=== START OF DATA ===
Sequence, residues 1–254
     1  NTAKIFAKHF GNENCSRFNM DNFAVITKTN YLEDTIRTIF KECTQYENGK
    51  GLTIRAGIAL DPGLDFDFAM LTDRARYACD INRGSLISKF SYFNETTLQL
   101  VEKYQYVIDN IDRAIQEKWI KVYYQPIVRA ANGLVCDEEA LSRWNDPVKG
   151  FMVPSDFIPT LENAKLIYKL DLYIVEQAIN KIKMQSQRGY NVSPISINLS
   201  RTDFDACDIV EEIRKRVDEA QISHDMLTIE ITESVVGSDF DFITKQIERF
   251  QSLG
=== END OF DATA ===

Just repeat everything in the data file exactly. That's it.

Sequence, residues 1–254
     1  NTAKIFAKHF GNENCSRFNM DNFAVITKTN YLEDTIRTIF KECTQYENGK
    51  GLTIRAGIAL DPGLDFDFAM LTDRARYACD INRGSLISKF SYFNETTLQL
   101  VEKYQYVIDN IDRAIQEKWI KVYYQPIVRA ANGLVCDEEA LSRWNDPVKG
   151  FMVPSDFIPT LENAKLIYKL DLYIVEQAIN KIKMQSQRGY NVSPISINLS
   201  RTDFDACDIV EEIRKRVDEA QISHDMLTIE ITESVVGSDF DFITKQIERF
   251  QSLG